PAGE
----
All of these concerns are prevalent in non-GM salmon production and the changes GM salmon would induce are speculation. Nevertheless, they represent real risks that haven’t been the focus of much debate because concerns over food safety have dominated. By focusing on our most prominent fear (lack of control of our food system and our immediate health), opponents of GMOs have distracted us from more realistic and challenging concerns.

These challenges are further exacerbated by the difficulty in identifying clear signs of environmental harm. Environmental systems are notoriously variable, affected by many non-GM-related influences (e.g., natural climate variability and human-induced climate change). This variability makes it exceedingly difficult to tease out the ecological effects of GMOs. Here, much more study is needed that combines micro-view studies of chemical flows in farm-influenced ecosystems with macro-views of ecological changes occurring on and around farms.

As much as ecological concerns require our attention, GMOs have important economic and political effects that may be of even greater concern. Stay tuned. They will be the subject of next week’s blog entry.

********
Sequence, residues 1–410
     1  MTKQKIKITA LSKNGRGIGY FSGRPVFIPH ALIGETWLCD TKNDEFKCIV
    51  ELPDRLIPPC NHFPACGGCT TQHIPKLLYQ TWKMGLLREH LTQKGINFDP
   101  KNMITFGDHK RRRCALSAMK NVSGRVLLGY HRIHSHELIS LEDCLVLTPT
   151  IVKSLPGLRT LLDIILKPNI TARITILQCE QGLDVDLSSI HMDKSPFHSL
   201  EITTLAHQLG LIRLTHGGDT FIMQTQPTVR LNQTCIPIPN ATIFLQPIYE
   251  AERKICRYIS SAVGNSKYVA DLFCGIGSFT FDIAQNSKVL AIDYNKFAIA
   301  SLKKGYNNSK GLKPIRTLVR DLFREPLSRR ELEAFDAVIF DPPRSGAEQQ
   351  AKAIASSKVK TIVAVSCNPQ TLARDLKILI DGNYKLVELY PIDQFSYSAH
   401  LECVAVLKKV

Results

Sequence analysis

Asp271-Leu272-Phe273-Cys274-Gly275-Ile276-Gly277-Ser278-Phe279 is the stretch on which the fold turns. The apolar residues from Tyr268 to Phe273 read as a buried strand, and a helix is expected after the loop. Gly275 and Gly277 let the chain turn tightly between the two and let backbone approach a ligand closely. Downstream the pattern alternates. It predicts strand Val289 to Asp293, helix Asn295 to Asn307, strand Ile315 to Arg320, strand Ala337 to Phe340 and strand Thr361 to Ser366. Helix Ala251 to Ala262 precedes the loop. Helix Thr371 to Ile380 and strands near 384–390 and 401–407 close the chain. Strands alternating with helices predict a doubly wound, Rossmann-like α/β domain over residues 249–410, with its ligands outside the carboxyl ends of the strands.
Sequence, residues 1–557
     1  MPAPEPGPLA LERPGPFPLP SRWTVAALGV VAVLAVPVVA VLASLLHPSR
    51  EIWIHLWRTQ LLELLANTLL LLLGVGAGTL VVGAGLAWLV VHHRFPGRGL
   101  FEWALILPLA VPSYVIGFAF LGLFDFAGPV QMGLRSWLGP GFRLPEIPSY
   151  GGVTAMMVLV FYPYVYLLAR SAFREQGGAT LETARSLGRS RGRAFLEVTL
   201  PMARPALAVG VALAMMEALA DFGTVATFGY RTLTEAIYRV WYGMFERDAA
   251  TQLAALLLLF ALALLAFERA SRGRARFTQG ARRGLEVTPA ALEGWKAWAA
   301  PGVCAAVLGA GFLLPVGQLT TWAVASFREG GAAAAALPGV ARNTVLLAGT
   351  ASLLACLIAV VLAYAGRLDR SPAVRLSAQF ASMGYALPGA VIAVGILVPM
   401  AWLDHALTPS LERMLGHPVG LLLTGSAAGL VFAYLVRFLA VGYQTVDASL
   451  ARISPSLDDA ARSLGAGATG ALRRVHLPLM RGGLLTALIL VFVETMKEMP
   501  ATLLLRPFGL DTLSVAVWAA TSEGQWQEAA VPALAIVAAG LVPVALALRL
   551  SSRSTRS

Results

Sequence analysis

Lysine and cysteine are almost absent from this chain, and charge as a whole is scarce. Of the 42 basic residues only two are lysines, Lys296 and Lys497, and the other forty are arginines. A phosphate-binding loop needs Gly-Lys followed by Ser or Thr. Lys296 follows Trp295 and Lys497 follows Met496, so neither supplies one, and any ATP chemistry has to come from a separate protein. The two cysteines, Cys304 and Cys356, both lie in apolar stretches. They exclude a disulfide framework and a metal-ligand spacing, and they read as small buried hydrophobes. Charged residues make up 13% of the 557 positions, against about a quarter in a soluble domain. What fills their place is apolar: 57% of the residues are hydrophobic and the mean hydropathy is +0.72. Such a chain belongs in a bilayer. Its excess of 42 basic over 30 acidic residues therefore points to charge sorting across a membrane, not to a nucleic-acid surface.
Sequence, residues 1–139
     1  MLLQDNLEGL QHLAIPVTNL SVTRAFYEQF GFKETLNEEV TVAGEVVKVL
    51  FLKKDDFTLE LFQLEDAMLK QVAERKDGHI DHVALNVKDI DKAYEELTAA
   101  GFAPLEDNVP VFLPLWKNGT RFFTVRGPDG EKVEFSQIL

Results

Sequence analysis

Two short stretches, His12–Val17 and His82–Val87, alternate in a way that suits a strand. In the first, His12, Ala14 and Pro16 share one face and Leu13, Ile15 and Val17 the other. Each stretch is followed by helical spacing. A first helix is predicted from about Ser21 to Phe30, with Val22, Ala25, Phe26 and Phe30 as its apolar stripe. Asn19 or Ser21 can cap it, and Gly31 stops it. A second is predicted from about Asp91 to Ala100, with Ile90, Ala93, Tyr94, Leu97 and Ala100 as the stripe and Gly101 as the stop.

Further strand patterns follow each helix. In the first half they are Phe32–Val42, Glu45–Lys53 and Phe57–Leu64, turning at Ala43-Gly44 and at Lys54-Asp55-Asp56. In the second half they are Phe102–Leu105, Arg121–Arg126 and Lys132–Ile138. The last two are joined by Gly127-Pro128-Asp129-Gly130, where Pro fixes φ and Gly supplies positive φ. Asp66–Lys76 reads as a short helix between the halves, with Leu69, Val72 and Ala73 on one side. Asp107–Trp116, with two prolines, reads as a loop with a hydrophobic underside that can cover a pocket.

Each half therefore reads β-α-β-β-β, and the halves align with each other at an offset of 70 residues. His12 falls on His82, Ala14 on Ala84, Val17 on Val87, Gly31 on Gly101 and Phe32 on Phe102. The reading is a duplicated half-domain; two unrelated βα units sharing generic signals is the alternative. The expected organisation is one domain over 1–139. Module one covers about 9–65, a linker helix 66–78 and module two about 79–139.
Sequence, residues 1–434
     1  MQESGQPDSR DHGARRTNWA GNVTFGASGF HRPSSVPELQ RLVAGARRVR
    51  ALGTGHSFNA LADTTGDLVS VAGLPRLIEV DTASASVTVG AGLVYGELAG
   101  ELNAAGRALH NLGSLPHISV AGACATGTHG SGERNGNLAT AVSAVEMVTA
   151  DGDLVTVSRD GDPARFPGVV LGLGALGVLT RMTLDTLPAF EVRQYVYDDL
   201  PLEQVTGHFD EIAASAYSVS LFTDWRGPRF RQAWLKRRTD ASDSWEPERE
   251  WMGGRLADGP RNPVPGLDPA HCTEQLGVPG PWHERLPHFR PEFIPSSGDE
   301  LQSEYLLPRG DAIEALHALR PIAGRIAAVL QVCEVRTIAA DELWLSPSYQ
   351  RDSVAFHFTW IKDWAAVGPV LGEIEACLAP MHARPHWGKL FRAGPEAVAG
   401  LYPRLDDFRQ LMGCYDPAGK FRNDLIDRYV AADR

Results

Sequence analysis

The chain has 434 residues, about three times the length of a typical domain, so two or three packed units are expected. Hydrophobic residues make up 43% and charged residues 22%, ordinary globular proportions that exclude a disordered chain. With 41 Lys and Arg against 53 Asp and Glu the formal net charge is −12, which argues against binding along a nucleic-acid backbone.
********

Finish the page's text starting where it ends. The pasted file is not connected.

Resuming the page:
For more information, read our other blog posts and visit us at Bridge Environment.


  1. This comment has been removed by a blog administrator.

  2. In discussing ecological effects of GM crops, I failed to point out a major consideration: pest resistance. Just as bacteria evolve to resist antibiotics, pests have a knack for evolving resistance to pesticides. As would be predicted, a recent study found this phenomenon occurring in GM crops.

    One of today’s most widely used genetic modifications in crops takes insect-repelling genes from a bacteria, Bacillus thuringiensis, and inserts it into plants. In 2005, Bt crops did an excellent job of repelling insects. Only one of 13 common pests showed resistance. Today, five of these 13 have resistant populations.

    The lesson here is that nature is dynamic and capable of adaptation. The field of ecology is filled with stories of arms races between predators and prey. The ecological changes discussed in this particular blog entry are bound to select for insects and weeds that defy our efforts to control them, and which may do collateral damage to other farms and nearby ecosystems.